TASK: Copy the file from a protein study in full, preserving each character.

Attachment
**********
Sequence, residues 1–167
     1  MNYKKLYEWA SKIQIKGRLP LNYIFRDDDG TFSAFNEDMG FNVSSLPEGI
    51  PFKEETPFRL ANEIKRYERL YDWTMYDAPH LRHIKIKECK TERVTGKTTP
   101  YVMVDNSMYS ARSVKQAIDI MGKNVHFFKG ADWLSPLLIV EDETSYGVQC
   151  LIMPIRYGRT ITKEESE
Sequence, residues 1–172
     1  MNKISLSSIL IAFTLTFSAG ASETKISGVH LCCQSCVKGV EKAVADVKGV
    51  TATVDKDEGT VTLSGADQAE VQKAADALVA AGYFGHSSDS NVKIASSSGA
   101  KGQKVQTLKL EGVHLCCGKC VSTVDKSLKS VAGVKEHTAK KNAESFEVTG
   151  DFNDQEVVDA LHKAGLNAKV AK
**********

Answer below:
Sequence, residues 1–167
     1  MNYKKLYEWA SKIQIKGRLP LNYIFRDDDG TFSAFNEDMG FNVSSLPEGI
    51  PFKEETPFRL ANEIKRYERL YDWTMYDAPH LRHIKIKECK TERVTGKTTP
   101  YVMVDNSMYS ARSVKQAIDI MGKNVHFFKG ADWLSPLLIV EDETSYGVQC
   151  LIMPIRYGRT ITKEESE
Sequence, residues 1–172
     1  MNKISLSSIL IAFTLTFSAG ASETKISGVH LCCQSCVKGV EKAVADVKGV
    51  TATVDKDEGT VTLSGADQAE VQKAADALVA AGYFGHSSDS NVKIASSSGA
   101  KGQKVQTLKL EGVHLCCGKC VSTVDKSLKS VAGVKEHTAK KNAESFEVTG
   151  DFNDQEVVDA LHKAGLNAKV AK